I’m very happy with my setup. I’ve done a lot of touring, so I know what I need and what can be left at home. I’ve used every single item I’ve packed several times, and really don’t think I could carry any less. I could certainly carry more, but there have only been a few occasions where I’ve found myself saying “Oh I wish I had this or that”.
What has travelling so light enabled you to achieve?
I climb faster and I’m more agile on rough roads, which means I can cover more ground every day, and that makes everything easier. For example, I arranged my Chinese visa in Paris, and then had three months in which to enter the country. With a traditional, heavier touring set-up it would have been hard to get there in time, and obviously the bike behaves very differently than a touring rig with front and rear panniers. That feeling, to have a lively bike between your legs, might just be the most important thing for me.
How do you think your experience has been different to riders who choose a more traditional, heavier touring setup?
Most cyclists I’ve met have initially thought that I was only out for a day or two, which kind of says it all, and we do have a wildly different approach to bike touring. They carry a lot because they need a lot. They camp, they cook, they change clothes, they make coffee; things I never do. If I don’t reach some accommodation, I just crash somewhere in my sleeping bag, and since I don’t cook, my dinner will usually consist of a couple of candy bars or a bag of chips. I sleep in my dirty clothes, wake up, dream of having a nice cup of coffee, and get back on my bike.
I think for most traveling cyclists, their trips are as much about the experiences of camping, being close to nature, people, and their cultures, as well as the cycling, whereas for me it’s first and foremost about the cycling. I like nature, but I don’t like it enough to enjoy sleeping in the woods. I like people, but it’s not in my nature to get close to them. I’d rather watch how they live from afar. I like to see the workers in the fields and the shepherds on the road, but I’m much more comfortable being a spectator from my bike than trying to play a part in their lives. As for the culture, there is no ruin, temple, mosque or museum that will match the beauty of what you see from the saddle. This is why I ride so much. It’s what I enjoy the most, it’s what I want to do, and it’s where I want to be.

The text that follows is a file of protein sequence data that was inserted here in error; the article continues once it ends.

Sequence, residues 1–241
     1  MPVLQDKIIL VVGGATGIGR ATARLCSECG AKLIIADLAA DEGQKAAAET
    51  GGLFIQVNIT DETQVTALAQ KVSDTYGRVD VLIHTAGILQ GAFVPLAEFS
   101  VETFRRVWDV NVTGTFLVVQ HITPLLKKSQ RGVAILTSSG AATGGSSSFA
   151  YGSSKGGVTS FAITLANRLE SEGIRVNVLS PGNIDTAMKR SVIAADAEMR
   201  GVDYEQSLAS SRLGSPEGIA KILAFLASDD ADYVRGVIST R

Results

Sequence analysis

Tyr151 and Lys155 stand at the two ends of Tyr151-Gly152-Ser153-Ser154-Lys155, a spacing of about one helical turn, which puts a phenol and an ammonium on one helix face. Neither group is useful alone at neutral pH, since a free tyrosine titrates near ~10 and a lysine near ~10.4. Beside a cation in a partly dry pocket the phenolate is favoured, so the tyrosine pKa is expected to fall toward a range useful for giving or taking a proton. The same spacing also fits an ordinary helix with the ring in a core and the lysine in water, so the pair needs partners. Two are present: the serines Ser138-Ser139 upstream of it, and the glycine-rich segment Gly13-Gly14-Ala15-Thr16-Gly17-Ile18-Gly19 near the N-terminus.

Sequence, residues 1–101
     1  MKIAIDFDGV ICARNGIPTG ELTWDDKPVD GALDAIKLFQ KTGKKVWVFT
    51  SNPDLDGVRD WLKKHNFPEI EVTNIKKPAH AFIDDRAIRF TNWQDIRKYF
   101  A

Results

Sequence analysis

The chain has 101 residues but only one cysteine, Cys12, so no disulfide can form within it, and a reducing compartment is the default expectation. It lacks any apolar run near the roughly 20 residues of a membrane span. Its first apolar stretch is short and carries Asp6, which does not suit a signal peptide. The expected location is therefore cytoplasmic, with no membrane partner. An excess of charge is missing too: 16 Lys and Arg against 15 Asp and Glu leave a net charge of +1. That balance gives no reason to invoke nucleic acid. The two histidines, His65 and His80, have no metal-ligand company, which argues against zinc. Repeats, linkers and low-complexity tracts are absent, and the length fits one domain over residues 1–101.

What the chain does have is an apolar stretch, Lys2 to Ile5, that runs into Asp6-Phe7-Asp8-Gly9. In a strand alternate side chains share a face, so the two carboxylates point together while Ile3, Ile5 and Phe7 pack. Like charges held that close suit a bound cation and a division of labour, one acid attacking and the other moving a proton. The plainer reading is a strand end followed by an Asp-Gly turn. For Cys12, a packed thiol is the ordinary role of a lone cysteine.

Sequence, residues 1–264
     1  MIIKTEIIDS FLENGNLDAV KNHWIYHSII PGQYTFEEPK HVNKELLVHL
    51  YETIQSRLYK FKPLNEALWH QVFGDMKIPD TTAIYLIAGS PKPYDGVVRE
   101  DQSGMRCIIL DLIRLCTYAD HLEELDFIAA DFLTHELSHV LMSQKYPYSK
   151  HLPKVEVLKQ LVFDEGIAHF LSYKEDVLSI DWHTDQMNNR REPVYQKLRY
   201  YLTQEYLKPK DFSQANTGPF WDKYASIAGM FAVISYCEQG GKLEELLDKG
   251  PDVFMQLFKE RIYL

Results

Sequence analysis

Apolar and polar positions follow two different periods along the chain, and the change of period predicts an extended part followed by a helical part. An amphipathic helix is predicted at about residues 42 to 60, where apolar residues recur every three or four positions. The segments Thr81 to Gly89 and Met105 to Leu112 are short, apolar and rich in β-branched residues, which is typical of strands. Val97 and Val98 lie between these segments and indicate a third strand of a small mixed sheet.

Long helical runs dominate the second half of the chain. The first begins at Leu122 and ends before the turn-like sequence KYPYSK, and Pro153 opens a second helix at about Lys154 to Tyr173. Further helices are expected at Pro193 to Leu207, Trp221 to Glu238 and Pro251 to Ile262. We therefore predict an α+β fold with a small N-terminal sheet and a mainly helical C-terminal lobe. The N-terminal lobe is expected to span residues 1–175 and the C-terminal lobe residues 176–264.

So yes, our experiences vary greatly. Most people on the Silk Road travel for longer periods of time than me, and perhaps they experience more, or have a better understanding of the countries they visit, but that’s not what I am after. Of course I love that feeling of being in a foreign land, feeling lost and confused because everything is so different from what I’m used to, but ultimately what I’m after is the feeling I get at the end of hard days – days that are so ridiculously tough that when I start them, I doubt if I’m going to make it.
Then I make it, and little things like a hot shower, a cold drink, a meal, or a bed; things that we take so much for granted in our everyday lives that we don’t even pay attention to them, feel so blissful. All it takes to discover that the simplest pleasures are also the purest is one epic, long, seemingly unfeasible ride.